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Friday 4 October 2013

MH Corporate

Are you ready to be bound?

 The recent case of Newbury v Sun Microsystems [2013] EWHC 2180 highlights the importance of including the words ‘subject to contract’ if you do not intend proposed terms of a contract to become binding.

 Against the background of negotiations to settle a dispute, on 03 June 2013, Sun Microsystems’ solicitors wrote the following to Newbury’s solicitors:

 “Our client is willing to settle the entire proceedings by paying the Claimant [Newbury] within 14 days of accepting this offer, the sum of £601,464.98 . . . such settlement to be recorded in a suitably worded agreement. This offer is open for acceptance until 5pm this evening . . .”

The same day, Newbury’s solicitors wrote a letter of acceptance:

 “We thank you for your letter dated 03 June 2013. We are instructed that the Claimant [Newbury] accepts the terms of your client’s offer . . .We will forward a draft agreement for your approval on Tuesday 04 June.”

 A dispute arose about the form and substance of ‘such settlement to be recorded in a suitably worded agreement’. In particular, Sun Microsystems wanted the ‘suitably worded agreement’ to both modify and supplement the terms set out in their 03 June 2013 letter.


It’s good to have faith

 The recent case of Yam Seng PTE Ltd (“Yam Seng”) v International Trade Corporation Ltd (“ITC”) [2013] EWHC 111 (QB) provides a little hope for those seeking to rely on an implied duty to act in good faith in a commercial contract.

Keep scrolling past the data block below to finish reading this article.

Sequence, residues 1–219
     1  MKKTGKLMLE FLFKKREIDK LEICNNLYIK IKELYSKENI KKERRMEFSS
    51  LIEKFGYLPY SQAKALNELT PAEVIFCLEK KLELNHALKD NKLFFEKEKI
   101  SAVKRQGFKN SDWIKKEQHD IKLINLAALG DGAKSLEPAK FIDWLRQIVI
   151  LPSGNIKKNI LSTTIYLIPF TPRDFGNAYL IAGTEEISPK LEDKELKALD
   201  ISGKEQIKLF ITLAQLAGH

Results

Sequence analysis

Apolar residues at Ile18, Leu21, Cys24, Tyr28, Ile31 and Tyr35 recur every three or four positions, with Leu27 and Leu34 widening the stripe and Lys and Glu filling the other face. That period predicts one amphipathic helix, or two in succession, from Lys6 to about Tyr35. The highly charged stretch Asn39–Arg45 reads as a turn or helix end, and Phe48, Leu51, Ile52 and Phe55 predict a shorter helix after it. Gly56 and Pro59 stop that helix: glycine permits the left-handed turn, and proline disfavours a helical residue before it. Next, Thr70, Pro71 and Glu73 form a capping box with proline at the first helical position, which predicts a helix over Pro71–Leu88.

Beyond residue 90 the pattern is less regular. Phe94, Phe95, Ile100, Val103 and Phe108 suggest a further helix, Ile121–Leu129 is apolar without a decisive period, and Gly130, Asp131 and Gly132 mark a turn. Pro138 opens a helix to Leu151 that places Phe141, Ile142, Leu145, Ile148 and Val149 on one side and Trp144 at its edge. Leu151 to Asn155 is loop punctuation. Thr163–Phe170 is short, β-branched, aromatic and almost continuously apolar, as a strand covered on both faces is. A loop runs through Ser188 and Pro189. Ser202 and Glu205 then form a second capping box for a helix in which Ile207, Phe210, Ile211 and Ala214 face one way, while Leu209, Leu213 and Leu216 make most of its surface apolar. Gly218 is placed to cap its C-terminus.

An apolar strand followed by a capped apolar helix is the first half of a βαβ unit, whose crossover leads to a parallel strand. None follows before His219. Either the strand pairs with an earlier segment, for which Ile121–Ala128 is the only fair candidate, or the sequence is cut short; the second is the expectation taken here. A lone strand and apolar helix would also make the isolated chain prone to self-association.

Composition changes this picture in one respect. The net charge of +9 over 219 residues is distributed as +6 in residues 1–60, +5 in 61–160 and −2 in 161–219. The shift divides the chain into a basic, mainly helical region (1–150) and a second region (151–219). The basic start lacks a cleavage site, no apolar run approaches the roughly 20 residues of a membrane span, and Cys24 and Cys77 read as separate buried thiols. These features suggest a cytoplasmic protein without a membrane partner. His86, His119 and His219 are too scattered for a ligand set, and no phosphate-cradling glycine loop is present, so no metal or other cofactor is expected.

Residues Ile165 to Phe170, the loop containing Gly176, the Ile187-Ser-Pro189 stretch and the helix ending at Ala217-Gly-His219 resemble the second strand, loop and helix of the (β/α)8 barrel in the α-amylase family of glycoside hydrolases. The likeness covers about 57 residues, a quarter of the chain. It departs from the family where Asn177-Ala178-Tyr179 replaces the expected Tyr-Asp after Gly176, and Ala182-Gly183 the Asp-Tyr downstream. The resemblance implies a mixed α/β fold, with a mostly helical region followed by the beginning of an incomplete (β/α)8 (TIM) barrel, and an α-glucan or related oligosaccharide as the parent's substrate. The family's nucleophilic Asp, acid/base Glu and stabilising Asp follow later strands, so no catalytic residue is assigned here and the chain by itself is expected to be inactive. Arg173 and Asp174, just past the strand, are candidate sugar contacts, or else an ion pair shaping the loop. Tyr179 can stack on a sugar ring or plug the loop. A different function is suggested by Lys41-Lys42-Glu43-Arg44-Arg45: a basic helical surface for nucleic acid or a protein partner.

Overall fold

It is generally accepted that English courts will uphold an express term of a contract which requires the parties to act in good faith towards one another. However, under English law there is no general duty to perform contracts in good faith where such a duty is not written down in the contract.

 The Yam Seng case concerned a distribution agreement for fragrances and toiletries bearing the brand name “Manchester United”. ITC granted Yam Seng the exclusive right to distribute the products in Hong Kong, Macau and parts of mainland China. Yam Seng and ITC were two companies each being controlled by one main individual.


Is your business ready for the B2C VAT changes?

 In a little over 13 months, businesses that sell e-services (telecoms, broadcasting and “electronically supplied services”) to non-business consumers within the European Union (B2C) will experience a dramatic change in VAT.

 On 1 January 2015, legislation comes into force which will change (i) the place of supply and (ii) the country of taxation of e-services, from the country in which the supplier is established to the country in which the consumer is resident.


Sleeping Partners and National Insurance Contributions (NICs)

On 4 April 2013, HMRC announced an adjustment in its view of the status of sleeping partners and inactive limited partners regarding National Insurance Contributions (“NICs”).

Historically, sleeping and inactive limited partners who took no active part in the running of the business, and simply acted as investors who sought to make a return on their investments, were not liable for Class 2 and Class 4 NICs as their income was treated as unearned income. HMRC now considers both sleeping partners and inactive limited partners to be liable (and to have been liable in the past) for:

  • Class 2 NICs as ‘gainfully employed’ self-employed earners; and
  • Class 4 NICs in respect of their taxable profits.

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